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Thread: Wisconsin Journal Times Editorial comes out supporting open carry

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    http://www.journaltimes.com/articles...wCommentAnchor

    As it should have been


    By The Journal Times Editorial Board
    Monday, May 25, 2009 4:21 PM CDT


    “Gun!”

    We knew that would get your attention. Guns — and gun laws — have a way of doing that in this state.

    That’s never been more true than in recent weeks after state Attorney General J.B. Van Hollen issued a memo to state district attorneys saying that openly carrying a handgun in public isn’t automatically a crime.

    In short order, gun-rights advocates were planning open-carry picnics like the one in an Onalaska park last weekend where hamburgers and holstered sidearms were the order of the day. Both were served up with relish.


    It was, according to news accounts from the La Crosse Tribune, a “sober and nonflamboyant group that assembled in a neighborhood park adjacent to Marvin Gardens subdivision.” No Rambos or Dirty Harrys in evidence among the 200 people in attendance, the paper said.

    Van Hollen’s informal opinion wasn’t universally greeted with open arms, of course. Democratic Gov. Jim Doyle, who twice vetoed concealed carry laws for Wisconsin, sniffed that the state should allow communities to pass ordinances that are more restrictive than state gun regulation laws.

    And Milwaukee Police Chief Ed Flynn responded by saying, “My message to my troops is if you see anybody carrying a gun on the streets of Milwaukee, we’ll put them on the ground, take the gun away and then decide whether you have the right to







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    carry it.”

    Racine, good news town that it is, had to figure into the gunplay, of course, and did so shortly after Van Hollen’s decision when a 42-year-old bicyclist scared off four teens he believed were trying to rob him. The bicyclist rode by the teens in the 1100 block of Grand Avenue. and was knocked from his bike. According to reports, he pulled a revolver that he was openly carrying in a side holster, held it in the air and yelled, “Gun!” The teens then scattered.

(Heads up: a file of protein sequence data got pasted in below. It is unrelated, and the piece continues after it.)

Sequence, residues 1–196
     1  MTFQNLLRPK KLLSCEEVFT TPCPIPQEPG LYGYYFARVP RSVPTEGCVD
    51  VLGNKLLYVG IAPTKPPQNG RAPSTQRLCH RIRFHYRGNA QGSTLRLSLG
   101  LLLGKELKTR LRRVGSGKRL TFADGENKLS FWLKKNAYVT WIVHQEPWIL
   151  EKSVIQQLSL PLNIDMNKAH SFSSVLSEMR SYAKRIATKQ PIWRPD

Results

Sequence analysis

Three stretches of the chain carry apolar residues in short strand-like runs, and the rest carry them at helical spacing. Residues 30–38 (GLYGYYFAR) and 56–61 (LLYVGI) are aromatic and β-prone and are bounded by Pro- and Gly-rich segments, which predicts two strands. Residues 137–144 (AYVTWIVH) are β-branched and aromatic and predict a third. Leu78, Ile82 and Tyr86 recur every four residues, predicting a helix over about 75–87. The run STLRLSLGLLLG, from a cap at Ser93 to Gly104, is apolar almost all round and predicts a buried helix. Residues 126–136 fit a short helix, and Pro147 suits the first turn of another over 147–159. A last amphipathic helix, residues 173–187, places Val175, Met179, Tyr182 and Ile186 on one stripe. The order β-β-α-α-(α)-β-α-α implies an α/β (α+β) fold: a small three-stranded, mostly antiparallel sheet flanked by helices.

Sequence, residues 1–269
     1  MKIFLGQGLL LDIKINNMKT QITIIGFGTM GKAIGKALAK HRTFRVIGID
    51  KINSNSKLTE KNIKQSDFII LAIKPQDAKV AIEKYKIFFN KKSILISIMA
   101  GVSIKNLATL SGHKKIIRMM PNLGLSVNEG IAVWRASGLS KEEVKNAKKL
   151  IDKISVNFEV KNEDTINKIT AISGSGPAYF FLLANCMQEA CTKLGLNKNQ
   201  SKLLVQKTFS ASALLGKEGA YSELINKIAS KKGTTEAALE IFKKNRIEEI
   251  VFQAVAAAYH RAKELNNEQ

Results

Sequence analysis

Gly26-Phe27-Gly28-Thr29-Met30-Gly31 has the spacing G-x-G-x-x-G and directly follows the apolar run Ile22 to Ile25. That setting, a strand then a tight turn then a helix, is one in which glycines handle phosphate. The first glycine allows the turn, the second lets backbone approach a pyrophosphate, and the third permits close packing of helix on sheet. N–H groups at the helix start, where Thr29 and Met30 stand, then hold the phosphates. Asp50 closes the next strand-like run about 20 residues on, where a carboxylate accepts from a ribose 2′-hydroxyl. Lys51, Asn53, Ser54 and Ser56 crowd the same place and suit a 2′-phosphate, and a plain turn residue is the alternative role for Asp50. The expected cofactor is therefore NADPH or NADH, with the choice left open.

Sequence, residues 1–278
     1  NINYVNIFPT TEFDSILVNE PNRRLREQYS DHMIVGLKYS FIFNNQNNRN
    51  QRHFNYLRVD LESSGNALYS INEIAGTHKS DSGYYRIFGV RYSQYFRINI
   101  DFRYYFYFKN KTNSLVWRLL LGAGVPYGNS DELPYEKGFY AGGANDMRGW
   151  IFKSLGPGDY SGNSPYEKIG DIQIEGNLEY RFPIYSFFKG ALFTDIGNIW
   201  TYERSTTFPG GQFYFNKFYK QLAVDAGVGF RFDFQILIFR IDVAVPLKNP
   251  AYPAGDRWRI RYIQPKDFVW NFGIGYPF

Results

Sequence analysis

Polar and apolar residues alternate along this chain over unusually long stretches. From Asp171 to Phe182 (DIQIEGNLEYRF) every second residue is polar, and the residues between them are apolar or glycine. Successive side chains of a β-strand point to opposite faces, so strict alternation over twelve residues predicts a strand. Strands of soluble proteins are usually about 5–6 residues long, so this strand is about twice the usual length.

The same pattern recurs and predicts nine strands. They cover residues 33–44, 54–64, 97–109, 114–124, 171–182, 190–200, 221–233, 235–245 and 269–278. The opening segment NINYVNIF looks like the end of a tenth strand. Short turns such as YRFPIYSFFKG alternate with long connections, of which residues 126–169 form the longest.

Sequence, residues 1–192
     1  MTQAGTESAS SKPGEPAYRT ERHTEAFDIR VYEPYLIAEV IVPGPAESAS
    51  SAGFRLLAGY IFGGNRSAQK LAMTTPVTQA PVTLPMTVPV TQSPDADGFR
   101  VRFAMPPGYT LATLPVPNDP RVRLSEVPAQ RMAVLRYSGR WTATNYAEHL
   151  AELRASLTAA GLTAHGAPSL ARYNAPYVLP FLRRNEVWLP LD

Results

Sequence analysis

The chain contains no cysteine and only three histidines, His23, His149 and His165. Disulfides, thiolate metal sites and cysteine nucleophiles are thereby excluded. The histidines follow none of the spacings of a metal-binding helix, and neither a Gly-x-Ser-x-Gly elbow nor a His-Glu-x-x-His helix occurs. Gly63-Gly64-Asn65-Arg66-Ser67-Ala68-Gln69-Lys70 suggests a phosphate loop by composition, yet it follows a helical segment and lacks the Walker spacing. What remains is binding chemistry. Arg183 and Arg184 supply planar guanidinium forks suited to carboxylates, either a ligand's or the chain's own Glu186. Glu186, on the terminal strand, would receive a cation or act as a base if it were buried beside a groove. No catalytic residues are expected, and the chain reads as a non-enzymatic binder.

The man then flagged down a police car and told them what happened. He was escorted to his home and the police return his gun to him — but referred the incident to the Racine County District Attorney’s office to determine if a prosecution was warranted for having a firearm within 1,000 feet of a school.

    After several days of deliberation, the District Attorney’s office said it wouldn’t prosecute, citing the Attorney General’s opinion, the man’s lack of a criminal record and “no showing of irresponsible use of the firearm.”

    That’s as it should have been.

    The bicyclist case was actually a poster-boy situation for what gun-rights advocates have been saying for years — that firearms can and should be used for self-defense. This was a case with a good outcome: no one was shot, and an honest citizen protected himself from being robbed.

    That’s just one case, of course, but it is one case where it worked.


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    Mike wrote:
    http://www.journaltimes.com/articles...wCommentAnchor



    Racine, good news town that it is, had to figure into the gunplay, of course, and did so shortly after Van Hollen’s decision when a 42-year-old bicyclist scared off four teens he believed were trying to rob him.
    nice Pro-2A article, But to use the term "Gunplay" I feel is in very bad taste. Anybody else agree?



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    Founder's Club Member Brass Magnet's Avatar
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    I know it was an "opinion" piece, but I'm just glad it made some more news. It is good in the fact that it shows how someone protected himself within 1,000 ft. of the school.

    I wonderif they would have prosecuted hadthe man known that he was in a school zone. That would be intersting.
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    Nutczak wrote:
    Mike wrote:
    http://www.journaltimes.com/articles...wCommentAnchor



    Racine, good news town that it is, had to figure into the gunplay, of course, and did so shortly after Van Hollen’s decision when a 42-year-old bicyclist scared off four teens he believed were trying to rob him.
    nice Pro-2A article, But to use the term "Gunplay" I feel is in very bad taste. Anybody else agree?

    *
    I think the use of inane puns is taught in every journalism class. Either way, journalists love this stuff.

    Granted it's puerile as all get out, but it's pretty much the norm. I wouldn't read anything into it other than a standard attempt to incorporate "attention-grabbing" plays on words.

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    gunplay punny? i dont think so, may be sarcastic irony

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